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Classy and brassy
Gainesville State music director orchestrates Tuba Christmas event in Atlanta
Nearly 100 tuba players gathered at Underground Atlanta on Dec. 2 to play Christmas carols in the annual Tuba Christmas event.

While holiday tunes are a staple this time of year, they're typically played with trumpets or violins.

But Gainesville State College music instructor Don Strand has helped to adjust that image.

Each year, Strand organizes "Tuba Christmas" in Atlanta, an event that highlights instruments in the tuba family.

"The one in Atlanta was basically the first one south of the Mason-Dixon line," Strand said.

Stand is generally known by his students as "the teacher who recorded on Bruce Springsteen's Devils and Dust album." But they also recognize his hard work in preparing the annual concert, this year held Dec. 2.

"The event has grown over the years, but it's always kind of varied. The first year we had only 75 but we've had as many as 300," Strand said.

This year's event carried some extra emotion when Harvey Phillips, the founder of Tuba Christmas and Strand's mentor, died earlier this year after battling Parkinson's disease.

Phillips created Tuba Christmas in 1974 as a tribute to the late musician William J. Bell and his support of tuba and euphonium players everywhere, Strand said.

Today, there are more than 157 Tuba Christmas events held worldwide.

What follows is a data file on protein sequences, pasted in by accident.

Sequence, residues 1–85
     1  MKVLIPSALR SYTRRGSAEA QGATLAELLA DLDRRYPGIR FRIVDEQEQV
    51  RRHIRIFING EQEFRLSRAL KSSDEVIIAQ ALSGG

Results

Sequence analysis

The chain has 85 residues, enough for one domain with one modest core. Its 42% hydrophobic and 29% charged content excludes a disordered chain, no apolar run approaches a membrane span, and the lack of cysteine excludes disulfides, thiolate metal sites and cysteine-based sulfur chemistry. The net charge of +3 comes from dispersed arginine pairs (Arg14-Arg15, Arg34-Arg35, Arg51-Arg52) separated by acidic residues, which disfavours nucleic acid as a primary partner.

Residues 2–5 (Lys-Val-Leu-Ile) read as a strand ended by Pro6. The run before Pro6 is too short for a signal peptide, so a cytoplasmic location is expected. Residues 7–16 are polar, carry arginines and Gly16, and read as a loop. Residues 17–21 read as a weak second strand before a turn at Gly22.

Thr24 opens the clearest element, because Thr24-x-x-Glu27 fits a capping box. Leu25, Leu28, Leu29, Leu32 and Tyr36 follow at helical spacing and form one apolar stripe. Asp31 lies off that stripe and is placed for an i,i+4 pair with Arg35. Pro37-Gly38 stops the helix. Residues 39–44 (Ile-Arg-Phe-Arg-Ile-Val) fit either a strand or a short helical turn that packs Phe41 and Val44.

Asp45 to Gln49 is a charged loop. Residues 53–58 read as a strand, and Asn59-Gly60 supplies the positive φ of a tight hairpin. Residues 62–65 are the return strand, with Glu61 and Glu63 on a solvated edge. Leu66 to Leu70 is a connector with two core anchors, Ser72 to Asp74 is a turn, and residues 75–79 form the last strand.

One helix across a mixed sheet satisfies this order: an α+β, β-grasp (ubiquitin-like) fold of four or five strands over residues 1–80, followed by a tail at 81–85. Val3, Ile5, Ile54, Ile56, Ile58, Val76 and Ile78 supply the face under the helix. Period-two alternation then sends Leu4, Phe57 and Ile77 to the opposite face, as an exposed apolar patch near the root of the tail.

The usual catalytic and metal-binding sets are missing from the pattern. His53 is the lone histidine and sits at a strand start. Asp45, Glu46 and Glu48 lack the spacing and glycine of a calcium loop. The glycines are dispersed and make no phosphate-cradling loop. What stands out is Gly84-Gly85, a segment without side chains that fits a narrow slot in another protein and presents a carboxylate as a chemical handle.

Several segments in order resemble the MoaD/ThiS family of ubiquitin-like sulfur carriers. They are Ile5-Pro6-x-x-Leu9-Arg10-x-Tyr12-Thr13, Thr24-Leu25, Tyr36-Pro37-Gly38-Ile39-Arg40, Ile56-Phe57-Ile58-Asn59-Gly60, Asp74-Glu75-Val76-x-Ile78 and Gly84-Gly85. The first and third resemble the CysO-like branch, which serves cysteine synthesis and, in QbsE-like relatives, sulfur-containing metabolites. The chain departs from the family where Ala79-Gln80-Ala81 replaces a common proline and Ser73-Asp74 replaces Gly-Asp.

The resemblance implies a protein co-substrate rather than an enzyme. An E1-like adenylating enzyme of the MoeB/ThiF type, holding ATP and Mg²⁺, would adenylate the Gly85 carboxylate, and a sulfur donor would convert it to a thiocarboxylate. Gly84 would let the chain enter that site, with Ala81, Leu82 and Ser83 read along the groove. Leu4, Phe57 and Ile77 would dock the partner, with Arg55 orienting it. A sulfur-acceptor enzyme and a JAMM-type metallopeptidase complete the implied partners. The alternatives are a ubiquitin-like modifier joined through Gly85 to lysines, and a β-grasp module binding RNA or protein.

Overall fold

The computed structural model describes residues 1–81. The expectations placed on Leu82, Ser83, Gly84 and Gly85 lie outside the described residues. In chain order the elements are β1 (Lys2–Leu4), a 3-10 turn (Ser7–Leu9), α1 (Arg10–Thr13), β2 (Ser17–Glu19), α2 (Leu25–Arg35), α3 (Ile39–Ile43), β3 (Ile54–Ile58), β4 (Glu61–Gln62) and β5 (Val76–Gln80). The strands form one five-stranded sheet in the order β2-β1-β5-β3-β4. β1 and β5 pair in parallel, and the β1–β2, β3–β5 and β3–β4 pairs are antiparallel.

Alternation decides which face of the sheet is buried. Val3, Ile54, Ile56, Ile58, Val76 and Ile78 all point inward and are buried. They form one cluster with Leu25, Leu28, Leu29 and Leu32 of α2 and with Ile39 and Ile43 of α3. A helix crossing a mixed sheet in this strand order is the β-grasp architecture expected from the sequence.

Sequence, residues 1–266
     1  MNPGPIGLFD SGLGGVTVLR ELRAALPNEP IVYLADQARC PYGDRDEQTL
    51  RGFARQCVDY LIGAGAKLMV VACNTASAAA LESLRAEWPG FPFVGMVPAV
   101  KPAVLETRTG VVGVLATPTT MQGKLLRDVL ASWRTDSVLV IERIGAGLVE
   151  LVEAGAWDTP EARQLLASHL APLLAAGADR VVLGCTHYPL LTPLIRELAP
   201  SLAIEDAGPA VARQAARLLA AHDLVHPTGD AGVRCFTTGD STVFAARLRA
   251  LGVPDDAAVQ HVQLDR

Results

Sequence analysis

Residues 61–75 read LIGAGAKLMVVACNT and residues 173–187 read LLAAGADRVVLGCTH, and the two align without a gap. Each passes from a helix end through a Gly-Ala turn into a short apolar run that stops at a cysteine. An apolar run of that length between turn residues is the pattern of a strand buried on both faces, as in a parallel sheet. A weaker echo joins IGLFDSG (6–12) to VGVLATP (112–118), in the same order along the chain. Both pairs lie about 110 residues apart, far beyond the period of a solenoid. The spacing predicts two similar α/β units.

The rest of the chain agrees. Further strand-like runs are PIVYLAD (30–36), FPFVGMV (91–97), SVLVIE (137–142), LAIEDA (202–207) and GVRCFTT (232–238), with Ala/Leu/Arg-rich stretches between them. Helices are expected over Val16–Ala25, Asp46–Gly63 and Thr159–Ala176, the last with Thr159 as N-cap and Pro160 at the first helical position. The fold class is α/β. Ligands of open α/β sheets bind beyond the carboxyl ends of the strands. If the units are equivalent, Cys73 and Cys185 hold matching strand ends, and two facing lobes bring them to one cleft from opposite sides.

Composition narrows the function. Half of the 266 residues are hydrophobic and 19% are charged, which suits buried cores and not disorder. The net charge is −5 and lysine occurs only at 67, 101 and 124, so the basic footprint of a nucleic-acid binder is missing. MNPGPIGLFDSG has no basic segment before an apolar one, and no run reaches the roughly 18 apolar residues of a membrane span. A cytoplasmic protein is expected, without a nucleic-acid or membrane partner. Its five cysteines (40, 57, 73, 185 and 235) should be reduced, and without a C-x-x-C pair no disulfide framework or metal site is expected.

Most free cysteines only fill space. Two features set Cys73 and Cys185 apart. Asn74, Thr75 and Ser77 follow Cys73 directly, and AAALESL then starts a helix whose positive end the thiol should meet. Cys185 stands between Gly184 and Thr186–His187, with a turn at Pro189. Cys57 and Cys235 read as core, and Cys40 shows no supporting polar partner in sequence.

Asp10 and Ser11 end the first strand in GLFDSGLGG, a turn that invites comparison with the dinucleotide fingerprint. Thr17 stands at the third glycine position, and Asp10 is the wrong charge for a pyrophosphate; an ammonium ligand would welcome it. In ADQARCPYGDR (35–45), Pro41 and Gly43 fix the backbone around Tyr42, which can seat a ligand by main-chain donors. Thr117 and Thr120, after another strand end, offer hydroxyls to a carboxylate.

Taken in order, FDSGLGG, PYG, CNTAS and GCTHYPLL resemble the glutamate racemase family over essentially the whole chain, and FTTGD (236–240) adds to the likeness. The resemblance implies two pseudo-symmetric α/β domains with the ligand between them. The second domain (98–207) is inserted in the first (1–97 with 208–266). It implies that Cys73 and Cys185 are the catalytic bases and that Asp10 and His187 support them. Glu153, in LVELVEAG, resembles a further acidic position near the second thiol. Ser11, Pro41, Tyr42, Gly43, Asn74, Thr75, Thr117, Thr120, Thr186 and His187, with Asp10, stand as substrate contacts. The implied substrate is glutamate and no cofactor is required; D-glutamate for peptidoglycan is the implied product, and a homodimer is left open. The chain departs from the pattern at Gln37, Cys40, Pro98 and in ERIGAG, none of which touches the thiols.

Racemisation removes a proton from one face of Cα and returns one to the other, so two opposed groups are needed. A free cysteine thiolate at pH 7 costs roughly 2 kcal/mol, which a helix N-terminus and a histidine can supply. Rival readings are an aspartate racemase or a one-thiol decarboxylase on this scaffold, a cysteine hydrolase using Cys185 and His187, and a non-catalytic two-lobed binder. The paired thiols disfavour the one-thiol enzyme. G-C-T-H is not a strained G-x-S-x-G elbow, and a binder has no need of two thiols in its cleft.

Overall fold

"For a long time he would come to the Atlanta event. It was one of his favorite ones," Strand said of Phillips.

In early December, tuba players massed by the dozens at Underground Atlanta to play a medley of carols and other festive favorites such as "Angels We've Heard on High." A crowd of over 200 lined the bridge of Upper Alabama Street to view the concert.

Strand said the event draws a mix of tuba, tenor tuba and euphonium players. It also included many of Strand's students at Gainesville State College.

To help promote the event, Strand and a few of his students recently appeared on the "Better Mornings Atlanta" show segment on WGCL-TV and played a sampling of their songs.
"It was exciting. I don't think the students ever had a chance to play on television before," Strand said.

Strand said he will continue his work highlighting the low brass instrument during Christmas time. And next year he plans to add something a little extra for Atlanta's 25th Tuba Christmas.